Author Topic: From 1999-2009  (Read 6752 times)

bobdapoet

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From 1999-2009
« on: March 25, 2009, 10:28:21 AM »
If you had to list 5 most influencial Slam Poets in the Genre, whom would you list? and why?

Steve

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Re: From 1999-2009
« Reply #1 on: March 25, 2009, 10:52:45 AM »
I had to go old skool. "Influential" is such a rotten way to measure. I mean, what does that mean? So here goes:

1) Marc Smith...why? Well...duh.
2) Patricia Smith, proved immediately that this was not just for men and not just for whites and not just for academics. Opened the genre to all, immediately.
3) Saul Williams, I hate that he is on my list. But you asked about "influential." He has been influential. Not to me. I believe I am anti-influenced by him, but he brought an early wave of performers and cross-influenced young people to the game. sha-clack-clack.
4) Jack McCarthy, proved that slam was open to all ages and even older, non smoker, non-drinker, non-stereotypical poets had a spot at the table. Jack opened the door to the over 40 poets still in our midst.
5) Taylor Mali, yes, the trust fund baby proved that you can make a living at this thing if you work twice as hard as any two other professionals and stay on top of your game with intent and intensity. He was the first poet to profess to be a "people's poet" who also carved out a big niche market (teachers) as his base. Smart feller, that Taylor.

I know that these predate 1999. I don't care. Slam existed before 1999.

BeverlyWilkinson

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Re: From 1999-2009
« Reply #2 on: March 25, 2009, 11:03:23 AM »
Gary Mex Glazner His book was the first one I picked up about Slam.  It opened the door.

Matthew John Conley He is the perfect example of a poet with roots in slam who is constantly evolving and pushing to improve his art.  He is very generous in sharing what he has learned.

Brenda Moossy She is the first woman who showed me how to be truly comfortable on stage.

Lea Deschenes For proving there are actually some good people behind excellent art. 

Tony Brown For endlessly pissing me off enough to make me stop and think about what I really want out of this genre and this community. 

It was very hard to limit to five.  I had to go with ones that gave me breakthrough moments.
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simone

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Re: From 1999-2009
« Reply #3 on: March 25, 2009, 01:03:24 PM »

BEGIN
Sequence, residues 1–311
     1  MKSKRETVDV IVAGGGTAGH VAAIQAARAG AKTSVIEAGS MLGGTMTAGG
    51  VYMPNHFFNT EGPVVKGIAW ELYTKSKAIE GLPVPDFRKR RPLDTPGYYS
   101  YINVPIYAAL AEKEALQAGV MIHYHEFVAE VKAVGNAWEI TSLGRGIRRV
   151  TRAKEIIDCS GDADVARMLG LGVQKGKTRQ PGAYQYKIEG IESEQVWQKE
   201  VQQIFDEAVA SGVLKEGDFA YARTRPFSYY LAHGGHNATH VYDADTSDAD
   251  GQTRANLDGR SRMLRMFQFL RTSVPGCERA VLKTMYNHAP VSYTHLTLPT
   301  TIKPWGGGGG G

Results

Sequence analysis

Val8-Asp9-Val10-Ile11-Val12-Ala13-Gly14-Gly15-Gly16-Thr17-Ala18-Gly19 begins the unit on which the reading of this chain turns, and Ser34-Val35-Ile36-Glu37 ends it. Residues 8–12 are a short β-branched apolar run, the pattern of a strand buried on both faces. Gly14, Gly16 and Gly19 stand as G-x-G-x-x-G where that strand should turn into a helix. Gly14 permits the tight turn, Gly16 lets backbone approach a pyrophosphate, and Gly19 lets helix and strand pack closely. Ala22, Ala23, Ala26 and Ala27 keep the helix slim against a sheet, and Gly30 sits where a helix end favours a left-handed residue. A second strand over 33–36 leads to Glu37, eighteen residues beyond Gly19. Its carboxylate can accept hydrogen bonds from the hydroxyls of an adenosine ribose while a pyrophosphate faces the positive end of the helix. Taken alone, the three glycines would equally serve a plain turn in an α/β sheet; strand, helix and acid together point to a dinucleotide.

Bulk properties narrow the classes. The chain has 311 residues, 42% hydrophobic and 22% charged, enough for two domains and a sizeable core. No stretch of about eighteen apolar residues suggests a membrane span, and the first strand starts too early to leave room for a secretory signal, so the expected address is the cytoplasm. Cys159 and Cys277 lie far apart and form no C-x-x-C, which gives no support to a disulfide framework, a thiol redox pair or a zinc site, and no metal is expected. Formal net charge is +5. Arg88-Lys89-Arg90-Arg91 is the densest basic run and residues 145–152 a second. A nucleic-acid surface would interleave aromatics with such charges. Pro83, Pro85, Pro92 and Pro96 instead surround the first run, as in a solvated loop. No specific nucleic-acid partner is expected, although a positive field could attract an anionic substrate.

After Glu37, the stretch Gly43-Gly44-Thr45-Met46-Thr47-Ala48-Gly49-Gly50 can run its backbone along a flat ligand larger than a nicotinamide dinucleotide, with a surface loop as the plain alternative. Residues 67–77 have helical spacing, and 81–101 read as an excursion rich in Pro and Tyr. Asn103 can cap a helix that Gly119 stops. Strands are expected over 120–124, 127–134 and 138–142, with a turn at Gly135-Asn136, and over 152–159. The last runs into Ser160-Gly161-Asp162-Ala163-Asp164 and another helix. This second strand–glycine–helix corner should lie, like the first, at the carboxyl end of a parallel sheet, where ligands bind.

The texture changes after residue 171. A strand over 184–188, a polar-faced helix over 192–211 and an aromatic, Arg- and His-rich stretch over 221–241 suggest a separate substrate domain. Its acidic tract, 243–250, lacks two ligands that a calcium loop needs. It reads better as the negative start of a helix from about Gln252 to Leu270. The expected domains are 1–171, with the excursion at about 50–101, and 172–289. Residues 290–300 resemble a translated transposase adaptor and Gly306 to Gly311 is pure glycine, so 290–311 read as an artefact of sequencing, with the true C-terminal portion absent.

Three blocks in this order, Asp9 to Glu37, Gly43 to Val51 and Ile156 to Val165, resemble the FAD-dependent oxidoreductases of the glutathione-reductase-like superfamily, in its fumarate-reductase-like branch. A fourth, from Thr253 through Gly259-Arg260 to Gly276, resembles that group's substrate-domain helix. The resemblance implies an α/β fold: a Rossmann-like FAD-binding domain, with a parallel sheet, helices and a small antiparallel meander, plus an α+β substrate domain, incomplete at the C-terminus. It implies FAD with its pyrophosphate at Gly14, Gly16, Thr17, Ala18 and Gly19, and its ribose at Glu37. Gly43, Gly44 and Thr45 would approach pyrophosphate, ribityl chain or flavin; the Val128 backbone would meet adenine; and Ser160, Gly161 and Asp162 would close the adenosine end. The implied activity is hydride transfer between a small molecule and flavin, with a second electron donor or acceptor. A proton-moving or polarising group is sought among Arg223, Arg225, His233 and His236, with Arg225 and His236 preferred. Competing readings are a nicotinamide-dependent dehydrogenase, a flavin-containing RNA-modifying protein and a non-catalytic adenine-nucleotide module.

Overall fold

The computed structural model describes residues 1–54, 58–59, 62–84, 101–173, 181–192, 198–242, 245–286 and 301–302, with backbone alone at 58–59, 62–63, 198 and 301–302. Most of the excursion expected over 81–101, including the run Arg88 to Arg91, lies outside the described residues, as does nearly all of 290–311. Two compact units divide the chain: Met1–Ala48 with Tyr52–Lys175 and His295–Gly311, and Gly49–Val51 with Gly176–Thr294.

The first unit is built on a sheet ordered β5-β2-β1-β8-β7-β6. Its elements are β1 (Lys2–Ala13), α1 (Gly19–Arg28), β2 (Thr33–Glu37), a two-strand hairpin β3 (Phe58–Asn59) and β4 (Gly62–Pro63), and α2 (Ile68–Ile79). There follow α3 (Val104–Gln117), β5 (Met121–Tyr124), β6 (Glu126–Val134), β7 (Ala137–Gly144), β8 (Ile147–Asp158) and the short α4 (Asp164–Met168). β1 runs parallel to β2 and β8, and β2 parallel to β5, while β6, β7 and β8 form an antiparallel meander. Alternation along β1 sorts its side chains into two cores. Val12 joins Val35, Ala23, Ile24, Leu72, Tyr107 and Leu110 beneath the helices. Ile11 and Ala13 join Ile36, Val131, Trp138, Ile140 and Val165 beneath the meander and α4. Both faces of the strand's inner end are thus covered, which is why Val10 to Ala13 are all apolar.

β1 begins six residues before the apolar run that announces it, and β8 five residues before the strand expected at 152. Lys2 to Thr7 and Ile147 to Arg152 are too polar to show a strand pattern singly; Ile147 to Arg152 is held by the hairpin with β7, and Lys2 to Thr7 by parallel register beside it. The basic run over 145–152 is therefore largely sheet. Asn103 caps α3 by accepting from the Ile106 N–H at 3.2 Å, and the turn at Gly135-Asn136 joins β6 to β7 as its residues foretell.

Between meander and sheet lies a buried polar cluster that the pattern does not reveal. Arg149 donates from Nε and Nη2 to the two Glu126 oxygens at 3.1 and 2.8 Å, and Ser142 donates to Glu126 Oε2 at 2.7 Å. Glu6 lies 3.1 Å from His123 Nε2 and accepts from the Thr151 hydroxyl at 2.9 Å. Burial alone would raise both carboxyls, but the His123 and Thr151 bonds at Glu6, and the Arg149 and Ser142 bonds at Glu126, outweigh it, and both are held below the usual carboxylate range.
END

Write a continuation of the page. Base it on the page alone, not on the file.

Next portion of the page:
I had to go old skool. "Influential" is such a rotten way to measure. I mean, what does that mean? So here goes:
1) Marc Smith...why? Well...duh.
It IS a rotten way to measure: I agree that Marc Smith is a poet, and that he is influential... But that he influenced by being a powerful organizer and a whiz-bang promotor. I'd argue the same for Gary Glazner. We could start a hell of top-three list right there. However...

My list of slam poets who inflenced the sound and direction of the genre is:
1) Patricia Smith. Her no-nonsense voice and almost unbeatable presence were the sound of slam until...
2) Saul Williams. Whenever a poet stepped up to the mic with two invisible turntables in front of them, I knew they'd just seen SlamNation. It seemed like he was the first poet every new slammer claimed as their kick-start, unless they preferred...
3) Taylor Mali. Putting aside his strategic contributions, I've seen more suburban-teachin', lawyer-beratin', How-To-Write-A-Political-Poem rippin' clones of Taylor walk into my venue than anyone except for...
4) Buddy Wakefield. In some sense, he's the new Saul: people come to slam because they found Buddy, and they love his work so much that they just want to do what he does, even if they don't know what he's doing.

I'm hard-pressed to find a fifth that ranks with these in my mind. I'm just going to go with "5) Architect." and be done with it.  ;D

Interestingly, my list of top five who influenced my work personally would be very different. Hm!
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BeverlyWilkinson

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Re: From 1999-2009
« Reply #4 on: March 25, 2009, 01:11:52 PM »
Quote
It IS a rotten way to measure: I agree that Marc Smith is a poet, and that he is influential... But that he influenced by being a powerful organizer and a whiz-bang promotor. I'd argue the same for Gary Glazner. We could start a hell of top-three list right there. However...

I was looking at this as people who have influenced me personally. 

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richboucher

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Re: From 1999-2009
« Reply #5 on: March 25, 2009, 10:53:05 PM »
The poets I count as those who have had the strongest
and most profound effect on me also reads like an old-school pantheon,